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Shelldwellers

Rod

Member
5 Year Member
I'm Happy.....I've got a pair of L brevis "Zaire"....regardless of their origin!!!

 

Rod

Member
5 Year Member
"Zaire" is the old name for Democratic republic of Congo.....
These are from the Congo side of Lake Tanganyika.....
They are the prettiest form of brevis in my opinion....and quite different to most other varieties
Hence the discussion as to why!
 

dw1305

Well-Known Member
5 Year Member
Hi all,
just that it is a possible reason why some variants of brevis have traits that are very different to others
Rod, you are quite likely right, but the reason that some "brevis" have traits that are different from others is that they are a different species, and that each form is not necessarily particularly closely related to the other forms of "brevis". Only DNA analysis can pick these cryptic species out.
say L meeli males sperm accidentially fertlises a brevis female eggs some of the fry have the white stripe on the tail....and over the next 100,000+ years that trait is passed through that particular population and at some point the whole population carrys the trait......they are 99.9% brevis with one trait that evolved from an accident
This where it all goes slightly wrong, but only because you need to get away from using their current names. The scenario is quite likely, and as you say a number of species are stabilised hybrids, but in this case what you suggest is that current species brevis "Zaire", "brevis" and "meeli" share a common ancestor, but not that that the two species that hybridised were L. brevis and L. meeli, they hadn't yet evolved from that common ancestor.

Have a look at this link for a better explanation, and also why there are so many species of shell using cichlid (and you are right accidental hybridization does seem to be the most important factor): <http://biosearch.berkeley.edu/index.php?action=submit_search&q=pmid:17254340 >

From the abstract:
......From the direct observation of hybrids we conclude that hybridization between distantly related gastropod-shell-breeding cichlids of Lake Tanganyika follows inevitably from their ecological specialization. Moreover, the observed incongruence between mtDNA and nuclear multilocus phylogeny suggests that repeated hybridization events among quite distantly related taxa affected the diversification of this group, and introduced reticulation into their phylogeny.....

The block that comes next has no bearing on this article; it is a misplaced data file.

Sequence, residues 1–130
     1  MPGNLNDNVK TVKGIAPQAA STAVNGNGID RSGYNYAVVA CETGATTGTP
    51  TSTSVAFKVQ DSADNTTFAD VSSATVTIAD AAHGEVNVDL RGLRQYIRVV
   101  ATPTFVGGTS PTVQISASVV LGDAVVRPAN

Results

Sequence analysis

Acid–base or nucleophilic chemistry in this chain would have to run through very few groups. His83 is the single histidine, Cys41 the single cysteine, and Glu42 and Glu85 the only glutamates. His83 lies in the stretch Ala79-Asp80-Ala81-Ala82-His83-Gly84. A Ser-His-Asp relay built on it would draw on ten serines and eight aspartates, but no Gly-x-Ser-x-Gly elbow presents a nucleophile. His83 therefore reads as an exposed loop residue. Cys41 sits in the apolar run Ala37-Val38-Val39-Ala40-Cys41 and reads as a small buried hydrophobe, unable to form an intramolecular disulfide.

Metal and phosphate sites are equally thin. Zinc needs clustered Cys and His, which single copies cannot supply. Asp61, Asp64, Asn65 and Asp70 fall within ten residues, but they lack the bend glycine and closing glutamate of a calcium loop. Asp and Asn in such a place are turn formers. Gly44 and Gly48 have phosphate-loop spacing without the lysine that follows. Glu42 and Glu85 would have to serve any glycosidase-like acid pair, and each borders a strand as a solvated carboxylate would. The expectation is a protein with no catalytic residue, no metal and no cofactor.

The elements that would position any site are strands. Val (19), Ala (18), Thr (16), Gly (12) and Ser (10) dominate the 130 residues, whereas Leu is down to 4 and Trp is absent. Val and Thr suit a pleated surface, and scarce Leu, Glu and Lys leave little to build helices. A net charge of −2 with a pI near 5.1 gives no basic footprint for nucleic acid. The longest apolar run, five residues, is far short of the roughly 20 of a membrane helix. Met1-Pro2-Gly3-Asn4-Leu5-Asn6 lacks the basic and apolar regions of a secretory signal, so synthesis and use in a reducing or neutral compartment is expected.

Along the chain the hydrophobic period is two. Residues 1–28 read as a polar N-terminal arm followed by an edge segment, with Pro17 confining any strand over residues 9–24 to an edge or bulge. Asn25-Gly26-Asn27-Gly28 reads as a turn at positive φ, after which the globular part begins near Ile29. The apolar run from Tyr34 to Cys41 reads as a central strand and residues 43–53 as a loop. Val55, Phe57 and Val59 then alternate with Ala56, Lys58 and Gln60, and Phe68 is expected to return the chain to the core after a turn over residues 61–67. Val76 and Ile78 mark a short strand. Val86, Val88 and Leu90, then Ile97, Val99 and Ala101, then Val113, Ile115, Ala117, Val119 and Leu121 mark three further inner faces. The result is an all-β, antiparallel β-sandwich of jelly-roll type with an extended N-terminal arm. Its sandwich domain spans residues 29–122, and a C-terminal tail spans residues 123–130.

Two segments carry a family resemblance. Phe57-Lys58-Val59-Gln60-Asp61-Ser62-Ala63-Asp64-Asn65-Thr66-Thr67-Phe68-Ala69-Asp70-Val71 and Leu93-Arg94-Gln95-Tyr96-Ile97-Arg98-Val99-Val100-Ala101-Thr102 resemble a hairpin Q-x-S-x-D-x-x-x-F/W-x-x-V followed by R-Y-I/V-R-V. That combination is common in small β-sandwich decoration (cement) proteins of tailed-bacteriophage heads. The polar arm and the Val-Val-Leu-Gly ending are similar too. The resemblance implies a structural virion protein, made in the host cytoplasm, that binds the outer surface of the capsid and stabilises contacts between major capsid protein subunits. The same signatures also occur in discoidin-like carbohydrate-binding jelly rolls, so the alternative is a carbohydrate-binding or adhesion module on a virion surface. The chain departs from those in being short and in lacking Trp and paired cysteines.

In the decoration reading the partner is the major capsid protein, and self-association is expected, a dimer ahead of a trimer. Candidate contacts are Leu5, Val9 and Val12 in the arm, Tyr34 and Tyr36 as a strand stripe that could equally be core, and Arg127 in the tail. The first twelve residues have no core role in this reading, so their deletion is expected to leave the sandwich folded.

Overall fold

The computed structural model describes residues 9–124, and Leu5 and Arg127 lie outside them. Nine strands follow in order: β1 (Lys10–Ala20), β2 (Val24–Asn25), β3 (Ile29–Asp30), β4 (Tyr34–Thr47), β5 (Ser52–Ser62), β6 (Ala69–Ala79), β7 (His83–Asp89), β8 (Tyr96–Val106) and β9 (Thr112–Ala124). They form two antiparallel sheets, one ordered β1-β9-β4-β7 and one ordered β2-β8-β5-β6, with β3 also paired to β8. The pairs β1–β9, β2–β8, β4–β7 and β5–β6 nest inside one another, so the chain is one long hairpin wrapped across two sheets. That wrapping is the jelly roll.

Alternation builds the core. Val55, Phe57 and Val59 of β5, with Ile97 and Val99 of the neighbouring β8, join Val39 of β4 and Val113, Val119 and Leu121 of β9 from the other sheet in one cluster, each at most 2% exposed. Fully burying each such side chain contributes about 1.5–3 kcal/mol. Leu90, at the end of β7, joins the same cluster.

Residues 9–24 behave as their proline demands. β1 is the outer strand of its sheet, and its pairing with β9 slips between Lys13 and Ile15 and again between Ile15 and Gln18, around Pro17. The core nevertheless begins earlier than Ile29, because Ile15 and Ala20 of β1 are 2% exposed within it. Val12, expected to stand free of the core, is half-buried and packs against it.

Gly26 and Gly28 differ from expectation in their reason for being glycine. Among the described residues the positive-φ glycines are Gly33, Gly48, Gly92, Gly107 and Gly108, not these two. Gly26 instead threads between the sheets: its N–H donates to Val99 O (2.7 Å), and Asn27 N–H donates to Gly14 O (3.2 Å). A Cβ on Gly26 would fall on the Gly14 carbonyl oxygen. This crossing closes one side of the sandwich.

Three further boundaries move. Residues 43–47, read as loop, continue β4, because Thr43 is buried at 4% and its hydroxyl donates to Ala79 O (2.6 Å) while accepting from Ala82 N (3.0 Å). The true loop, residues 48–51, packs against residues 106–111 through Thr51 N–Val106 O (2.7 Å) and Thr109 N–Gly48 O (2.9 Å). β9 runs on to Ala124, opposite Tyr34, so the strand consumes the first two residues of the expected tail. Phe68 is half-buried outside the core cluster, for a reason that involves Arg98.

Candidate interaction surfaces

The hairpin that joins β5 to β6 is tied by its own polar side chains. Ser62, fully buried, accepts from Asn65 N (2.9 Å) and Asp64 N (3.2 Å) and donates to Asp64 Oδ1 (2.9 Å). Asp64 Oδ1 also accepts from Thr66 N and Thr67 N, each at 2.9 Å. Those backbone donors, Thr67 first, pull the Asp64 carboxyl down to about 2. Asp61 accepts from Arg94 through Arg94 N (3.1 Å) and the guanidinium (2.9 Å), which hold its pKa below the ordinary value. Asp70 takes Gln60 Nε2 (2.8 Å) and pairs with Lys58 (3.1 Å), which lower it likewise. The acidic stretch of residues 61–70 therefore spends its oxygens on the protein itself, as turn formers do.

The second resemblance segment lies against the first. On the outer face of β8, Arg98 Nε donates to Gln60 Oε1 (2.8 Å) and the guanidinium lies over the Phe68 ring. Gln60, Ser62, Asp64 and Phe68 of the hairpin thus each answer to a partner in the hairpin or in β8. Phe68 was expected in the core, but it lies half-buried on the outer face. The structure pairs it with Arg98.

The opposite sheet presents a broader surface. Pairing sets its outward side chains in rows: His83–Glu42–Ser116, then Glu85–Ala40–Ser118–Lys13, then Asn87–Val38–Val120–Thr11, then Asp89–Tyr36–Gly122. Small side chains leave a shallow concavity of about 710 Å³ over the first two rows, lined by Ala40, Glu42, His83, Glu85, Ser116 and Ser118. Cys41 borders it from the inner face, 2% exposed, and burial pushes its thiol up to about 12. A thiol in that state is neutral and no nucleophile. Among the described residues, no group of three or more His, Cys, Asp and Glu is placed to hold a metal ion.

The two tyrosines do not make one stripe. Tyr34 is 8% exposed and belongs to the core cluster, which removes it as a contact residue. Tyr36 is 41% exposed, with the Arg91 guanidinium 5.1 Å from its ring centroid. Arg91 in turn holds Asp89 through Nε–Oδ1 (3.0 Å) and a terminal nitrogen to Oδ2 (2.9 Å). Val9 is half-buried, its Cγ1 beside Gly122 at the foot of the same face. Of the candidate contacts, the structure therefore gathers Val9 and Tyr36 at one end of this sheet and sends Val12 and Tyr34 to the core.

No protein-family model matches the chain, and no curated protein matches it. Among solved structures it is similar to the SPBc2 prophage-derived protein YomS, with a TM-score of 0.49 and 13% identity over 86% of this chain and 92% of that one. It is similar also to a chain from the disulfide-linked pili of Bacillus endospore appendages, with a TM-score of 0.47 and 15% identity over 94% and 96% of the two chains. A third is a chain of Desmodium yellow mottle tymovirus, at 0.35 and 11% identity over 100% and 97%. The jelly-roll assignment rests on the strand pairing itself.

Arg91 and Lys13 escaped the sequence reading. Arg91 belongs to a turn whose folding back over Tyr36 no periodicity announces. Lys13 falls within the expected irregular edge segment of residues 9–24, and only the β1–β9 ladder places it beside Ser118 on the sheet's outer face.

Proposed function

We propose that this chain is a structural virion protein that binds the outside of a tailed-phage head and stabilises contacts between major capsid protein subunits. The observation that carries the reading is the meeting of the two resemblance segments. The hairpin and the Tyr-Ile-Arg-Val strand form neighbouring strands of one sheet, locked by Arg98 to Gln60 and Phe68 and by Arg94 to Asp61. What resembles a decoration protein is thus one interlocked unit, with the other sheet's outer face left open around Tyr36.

cheers Darrel
 

Rod

Member
5 Year Member
Hi Darrel
Thanks
You're right I shouldn't have used names of current species.....I should have used species A and species B
I'm NOT saying that Zaire is a result of meeli x brevis.....just that this "type" of scenario is possible?
It's obviously a subject you're into.....I wonder if th variants will eventually be classed as different species...or sub species?
Regards Rod
 

gerald

Well-Known Member
5 Year Member
"Taxonomy is the diaper used to organize the mess of evolution into discrete packages" - Mike Sandel (evolutionary ecologist and new dad).

... I wonder if the variants will eventually be classed as different species...or sub species?
 

dw1305

Well-Known Member
5 Year Member
Hi all,
Taxonomy is the diaper used to organize the mess of evolution into discrete packages
Very true, cladistics and phylogeny have made things a bit clearer, but it all taxonomy is a bit of a pigeon holing exercise, and taxonomists will always differ in their view of how big the pigeon holes are, and on where the boundaries of each pigeon hole lie. Once you start adding in conflicting information from nuclear and mitochondrial DNA the picture is even more unclear.

I wonder if the variants will eventually be classed as different species...or sub species?
I really don't know, this is a quote from the Koblmuller et al paper
Despite the strength of the phylogenetic signal and the high resolution of reconstructed species relationships, the mtDNA phylogeny contains several groupings in striking conflict with morphological, ecological and behavioral similarities. Remarkably, all inconsistencies involve gastropod shell breeders.
It's obviously a subject you're into
I am quite interested, it wasn't a subject I knew much about but, I used to work for a Phycologist (I used to sort out her base sequences data files). If you want the back ground to cladistics, you can down-load the classic ""Compleat Cladist" from here: <http://taxonomy.zoology.gla.ac.uk/teaching/CompleatCladist.pdf>. There are also some lectures and bits by Rod Page here: <http://taxonomy.zoology.gla.ac.uk/teaching/>.

cheers Darrel
 

Rod

Member
5 Year Member
Mmmm....nice!

I was offered some....but declined...then I changed my mind but was too late!

Might be collecting a few of their cousins this weekend.....doing a swap...."Blue" occys for L. meeli
 
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